The start of this can be traced back to my failed attempt to become the man behind the curtain in giving something back. The thought was that my modest HTML skills could help craft a website that better represented the club that put me on the path to addictionfly fishing. That snowballed into being asked to become club secretary. I rationalized my acceptance with the thinking that everyone knows an organization’s president and probably the vice president. But secretary? I’d just attend board meeting, write the minutes and no one would be the wiser.

A few months later, flattery overwhelmed the desire to plod along unknown when I was asked to help out with the novice fly fishing seminar, the same class that gave me a broad but solid education on fly fishing. Certainly no one would remember the guy who helped teach basic hooking and landing tactics. Against all reasoning, some do.

Then there was the quiet appeal that ended with my acceptance to become the ‘fishmaster’ for the club’s Eastern Sierra trip. My responsibilities would simply entail keeping track of the folks who sign up, arrange lodging and assign responsibility for meals. All while I was blindly acknowledging these duties, my focus was on the selfish benefit of being able to tell The Wife, with a straight face and with honesty, that another fishing trip to one of my favorite places was a necessity. Again I was certain that they’d be a different group of folks every year. But, for some unfathomable reason more that half of the folks on this trip have gone with me every time. Maybe it’s the excellent fishing, the often great weather, the fantastic scenery, the homemade beer or the witnessesfriendship.

Compounding my problem is Google. Yeah, I blame Google too. During the last 12 months I’ve received a handful of inquiries from folks either asking or thanking me for information about a river, stream or lake mentioned here. I know these folks are digging deep for information. fishing for words ranks as number 12,133,256 in popularity by Alexa Traffic Rank. That said, Google also seems to lend instant credibility. Though the conventional wisdom is that people don’t believe everything they read online, showing up anywhere in Google search results suggests you must know what you’re writing about.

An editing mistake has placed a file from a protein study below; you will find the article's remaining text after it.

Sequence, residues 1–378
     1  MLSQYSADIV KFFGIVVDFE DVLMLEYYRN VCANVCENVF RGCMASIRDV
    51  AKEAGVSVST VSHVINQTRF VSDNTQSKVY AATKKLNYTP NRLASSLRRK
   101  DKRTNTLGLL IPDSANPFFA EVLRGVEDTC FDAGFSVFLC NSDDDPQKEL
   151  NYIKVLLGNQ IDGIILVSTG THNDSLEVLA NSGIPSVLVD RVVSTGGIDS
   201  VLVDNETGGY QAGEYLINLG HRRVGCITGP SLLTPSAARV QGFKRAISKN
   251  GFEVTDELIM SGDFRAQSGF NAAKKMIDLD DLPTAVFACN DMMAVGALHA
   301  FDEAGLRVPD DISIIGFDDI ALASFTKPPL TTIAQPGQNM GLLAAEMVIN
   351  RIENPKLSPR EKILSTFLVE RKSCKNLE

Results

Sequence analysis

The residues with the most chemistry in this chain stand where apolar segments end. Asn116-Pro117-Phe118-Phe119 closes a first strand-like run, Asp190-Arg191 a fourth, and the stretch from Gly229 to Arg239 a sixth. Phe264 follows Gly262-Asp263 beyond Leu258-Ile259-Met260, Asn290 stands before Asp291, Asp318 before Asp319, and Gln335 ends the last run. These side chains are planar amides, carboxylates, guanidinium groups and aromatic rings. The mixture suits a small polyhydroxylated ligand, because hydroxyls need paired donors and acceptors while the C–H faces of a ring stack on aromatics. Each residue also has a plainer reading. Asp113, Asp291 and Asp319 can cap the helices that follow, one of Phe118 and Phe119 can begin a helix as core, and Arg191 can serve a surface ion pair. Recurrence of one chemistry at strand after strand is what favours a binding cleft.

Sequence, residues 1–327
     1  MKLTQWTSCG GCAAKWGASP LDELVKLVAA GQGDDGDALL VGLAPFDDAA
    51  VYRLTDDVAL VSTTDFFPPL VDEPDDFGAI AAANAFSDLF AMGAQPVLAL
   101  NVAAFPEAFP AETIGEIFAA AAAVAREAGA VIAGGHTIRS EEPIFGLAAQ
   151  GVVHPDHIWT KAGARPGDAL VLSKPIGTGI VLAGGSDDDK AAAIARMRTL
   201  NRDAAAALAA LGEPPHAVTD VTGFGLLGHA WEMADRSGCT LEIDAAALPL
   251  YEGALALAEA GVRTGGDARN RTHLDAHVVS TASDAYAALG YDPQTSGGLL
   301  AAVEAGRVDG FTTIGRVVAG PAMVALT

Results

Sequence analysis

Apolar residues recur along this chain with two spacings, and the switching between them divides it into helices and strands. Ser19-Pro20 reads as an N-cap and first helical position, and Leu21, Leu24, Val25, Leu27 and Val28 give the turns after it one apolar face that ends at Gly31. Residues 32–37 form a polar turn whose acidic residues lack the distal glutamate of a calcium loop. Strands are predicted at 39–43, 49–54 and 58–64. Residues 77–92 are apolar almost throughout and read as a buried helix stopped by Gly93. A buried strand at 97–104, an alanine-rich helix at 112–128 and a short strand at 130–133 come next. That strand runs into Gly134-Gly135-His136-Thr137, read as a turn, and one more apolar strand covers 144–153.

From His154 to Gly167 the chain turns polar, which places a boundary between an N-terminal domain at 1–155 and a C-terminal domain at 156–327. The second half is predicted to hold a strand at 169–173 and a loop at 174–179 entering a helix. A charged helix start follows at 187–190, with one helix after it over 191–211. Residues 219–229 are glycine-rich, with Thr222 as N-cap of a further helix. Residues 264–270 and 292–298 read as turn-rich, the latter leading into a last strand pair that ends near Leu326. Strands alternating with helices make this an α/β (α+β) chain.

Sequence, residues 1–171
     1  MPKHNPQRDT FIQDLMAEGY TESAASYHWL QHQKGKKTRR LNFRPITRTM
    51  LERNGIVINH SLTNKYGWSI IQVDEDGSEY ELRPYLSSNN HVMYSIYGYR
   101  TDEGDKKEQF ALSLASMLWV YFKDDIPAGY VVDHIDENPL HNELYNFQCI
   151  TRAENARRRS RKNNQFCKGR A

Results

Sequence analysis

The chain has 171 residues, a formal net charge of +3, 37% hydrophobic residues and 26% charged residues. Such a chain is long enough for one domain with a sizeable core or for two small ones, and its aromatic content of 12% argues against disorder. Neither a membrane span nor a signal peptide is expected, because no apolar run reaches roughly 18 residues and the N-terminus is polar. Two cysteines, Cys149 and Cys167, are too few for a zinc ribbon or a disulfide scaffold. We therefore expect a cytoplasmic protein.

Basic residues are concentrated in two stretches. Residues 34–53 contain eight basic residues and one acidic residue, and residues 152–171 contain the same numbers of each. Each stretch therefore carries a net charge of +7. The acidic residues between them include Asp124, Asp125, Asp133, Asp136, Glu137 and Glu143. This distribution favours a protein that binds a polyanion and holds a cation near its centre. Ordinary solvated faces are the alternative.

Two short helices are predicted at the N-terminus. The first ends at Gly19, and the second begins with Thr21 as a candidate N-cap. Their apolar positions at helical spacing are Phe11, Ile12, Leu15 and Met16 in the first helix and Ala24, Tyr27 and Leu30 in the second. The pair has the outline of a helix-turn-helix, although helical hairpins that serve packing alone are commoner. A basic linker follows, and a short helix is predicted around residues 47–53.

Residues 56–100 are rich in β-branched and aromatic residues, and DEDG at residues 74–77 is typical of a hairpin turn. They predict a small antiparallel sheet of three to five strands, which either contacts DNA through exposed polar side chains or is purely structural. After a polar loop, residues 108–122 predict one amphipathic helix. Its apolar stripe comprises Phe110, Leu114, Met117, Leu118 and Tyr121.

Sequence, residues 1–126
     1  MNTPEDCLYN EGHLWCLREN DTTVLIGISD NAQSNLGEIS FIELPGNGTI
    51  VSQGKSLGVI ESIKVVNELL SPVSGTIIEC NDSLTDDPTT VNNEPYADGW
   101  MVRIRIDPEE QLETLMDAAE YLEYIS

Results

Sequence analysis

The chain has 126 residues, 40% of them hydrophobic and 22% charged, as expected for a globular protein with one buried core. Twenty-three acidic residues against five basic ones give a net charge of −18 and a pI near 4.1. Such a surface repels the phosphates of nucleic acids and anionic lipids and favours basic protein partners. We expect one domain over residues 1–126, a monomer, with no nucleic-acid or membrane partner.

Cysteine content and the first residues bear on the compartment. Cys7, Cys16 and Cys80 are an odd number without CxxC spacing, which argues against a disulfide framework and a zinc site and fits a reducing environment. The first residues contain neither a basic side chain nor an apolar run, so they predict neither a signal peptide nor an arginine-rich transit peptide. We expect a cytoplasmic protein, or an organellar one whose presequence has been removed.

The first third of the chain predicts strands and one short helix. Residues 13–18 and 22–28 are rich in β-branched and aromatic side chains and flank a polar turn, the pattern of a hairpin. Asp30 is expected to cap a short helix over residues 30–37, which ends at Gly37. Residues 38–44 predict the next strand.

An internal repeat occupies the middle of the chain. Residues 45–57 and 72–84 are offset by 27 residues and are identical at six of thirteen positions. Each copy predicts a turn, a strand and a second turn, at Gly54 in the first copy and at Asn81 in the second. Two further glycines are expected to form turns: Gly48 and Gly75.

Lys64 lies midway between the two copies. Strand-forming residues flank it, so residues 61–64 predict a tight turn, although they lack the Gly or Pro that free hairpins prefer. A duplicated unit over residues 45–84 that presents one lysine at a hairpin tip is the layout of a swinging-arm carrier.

Oh, it doesn’t help that I’ve also made a guide’s fishing report now and again.  And there’s that pesky member of the year award.

Success, of course, is the real problem here. I like to fish. I like to solve problems. So I often fool fish, hook some and even land a fair share. Afterwards, I share fishy stories. And people find me believable.

I’m not complaining, mind you, and I’m certainly not asking for a skunking.  It is ironic, however, that doing well would mean failure at being just another face in the crowd.

I’m not a fly fishing expert, but maybe I could play one on TV.


a fly fisherman’s distraction…and the upside to becoming an older parent…

Over the last few years, I’ve burned quite a few bytes in this blogspace glorifying my fishing exploits and motorcycling adventures. Not so this time.

The fishing gear was left behind last weekend despite my Pavlovian response to throw a fly rod in the trunk whenever a trip takes me more than 100 miles from home and toward the Sierra Nevada mountains. Yes, our destination was in the foothills of the Sierras; we’d even be near the South Fork of the American River.

However, there is one way to distract this fly fishermen from fishing. Food.

Grapes at Wofford Acres Vineyards

Apple Hill has been a favorite tradition of mine (and the kid’s) for many years. Near as I can figure, I’ve made the 100-mile trek to the hills just near Placerville, Calif., for at least 15 years. This time, however, we’d be without kids; the upside of becoming an older parent. This called for something I’ve thought about many times. An overnight visit.